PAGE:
Hemp appears to have originated in Central Asia and then spread throughout the world as people moved from one place to another. There are more hemp varieties in China than there are anywhere else. According to Chinese texts from the Sung Dynasty, the Chinese people were first ordered to grow hemp for fiber in 2800 BCE by Emperor Shen Nung. During this period, people in Northern India were cultivating hemp plants mainly for fiber; however, legends also state that Buddha survived on one hemp seed each day on his path to enlightenment.
Brown sugar is a versatile sweetener that is beloved by bakers. Most brown sugar these days consists simply of refined white sugar into which molasses has been re-incorporated. This production method ensures a consistent product. Brown sugar has a number of properties that make it a great benefit in certain recipes, along with other properties that can make it a drawback. Your success when using it will depend on your understanding of how it functions and what to expect from it. Below is a look at some of the dos and don’ts of cooking with brown sugar.
Vanilla powder and vanilla extract offer two ways to add vanilla flavor to desserts, beverages, and pastries. While they are both effective, they do not have exactly the same characteristics. In the SPICEography Showdown below, we compare them so that you can decide which is right for your application.
A salty gravy can ruin a meal. As a component that is supposed to tie everything together, gravy’s role is integral but usually limited to the background. Too much salt instantly brings it to the forefront in an unpleasant way. A salty gravy can result from the addition of too much salt, but it can also come from excessive reduction. While you will not be able to remove the salt, there are remedies for this issue. Fix your salty gravy by following the tips below.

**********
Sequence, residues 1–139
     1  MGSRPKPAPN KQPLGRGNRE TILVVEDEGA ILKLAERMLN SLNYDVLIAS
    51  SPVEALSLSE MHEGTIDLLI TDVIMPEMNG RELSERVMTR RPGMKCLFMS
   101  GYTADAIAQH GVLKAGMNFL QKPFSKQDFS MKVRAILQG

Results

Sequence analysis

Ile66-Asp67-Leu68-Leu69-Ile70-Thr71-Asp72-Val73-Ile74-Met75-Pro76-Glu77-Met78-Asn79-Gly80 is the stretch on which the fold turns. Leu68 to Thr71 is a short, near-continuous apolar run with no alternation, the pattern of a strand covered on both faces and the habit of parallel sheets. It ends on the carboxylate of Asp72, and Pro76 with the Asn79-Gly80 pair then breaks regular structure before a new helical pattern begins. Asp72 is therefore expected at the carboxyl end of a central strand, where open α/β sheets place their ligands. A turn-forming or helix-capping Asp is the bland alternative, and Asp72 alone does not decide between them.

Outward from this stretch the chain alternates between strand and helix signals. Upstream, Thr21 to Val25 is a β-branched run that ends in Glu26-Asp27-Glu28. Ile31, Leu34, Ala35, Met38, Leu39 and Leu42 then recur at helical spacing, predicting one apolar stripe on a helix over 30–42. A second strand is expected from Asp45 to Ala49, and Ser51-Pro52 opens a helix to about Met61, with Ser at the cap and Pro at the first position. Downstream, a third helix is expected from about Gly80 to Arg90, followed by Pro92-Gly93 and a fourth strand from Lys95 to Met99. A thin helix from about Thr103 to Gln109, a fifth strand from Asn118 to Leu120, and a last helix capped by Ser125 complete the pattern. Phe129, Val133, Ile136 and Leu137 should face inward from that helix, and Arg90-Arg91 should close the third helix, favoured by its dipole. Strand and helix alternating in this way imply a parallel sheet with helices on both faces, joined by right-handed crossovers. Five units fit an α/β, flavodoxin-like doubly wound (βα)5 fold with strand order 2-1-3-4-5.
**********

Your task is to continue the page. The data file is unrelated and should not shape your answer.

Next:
Some recipes require ascorbic acid to keep fruit from browning. It is also useful as a dough improver or dough conditioner in that it strengthens the gluten in bread dough. If you are working with apples or other fruits that are subject to enzymatic browning or want to make bread with a finer crumb, you may need to find some ascorbic acid. If you prefer to use something else to achieve similar effects, consider one of the ascorbic acid substitutes below.
Cream of tartar and baking powder have a lot in common; you should have them both on hand if you bake pastries regularly. While these two ingredients do share some of the same properties, there are some significant differences between them and the ways that they are used. Read on to see how cream of tartar and baking powder compare to each other.
Sage is a popular herb in both European and American cuisine. Many Americans recognize sage as the herb that shows up in most recipes for Thanksgiving turkey and stuffing. It is a member of the mint family and has a unique flavor that can be described as minty and earthy with light piney and citrus notes. While it is familiar to many, it has some unique characteristics and should be used carefully. Consider the following dos and don’ts of using sage.
The history of ascorbic acid (or vitamin C) as a food additive began with the identification of vitamin C deficiency, also known as scurvy.
A British naval surgeon named James Lind was the first to identify the benefits that citrus could have for people suffering from vitamin C deficiency. He documented the connection between vitamin C and scurvy around 1747. At this point in history, deficiency in vitamin C was known to kill thousands of British sailors each year.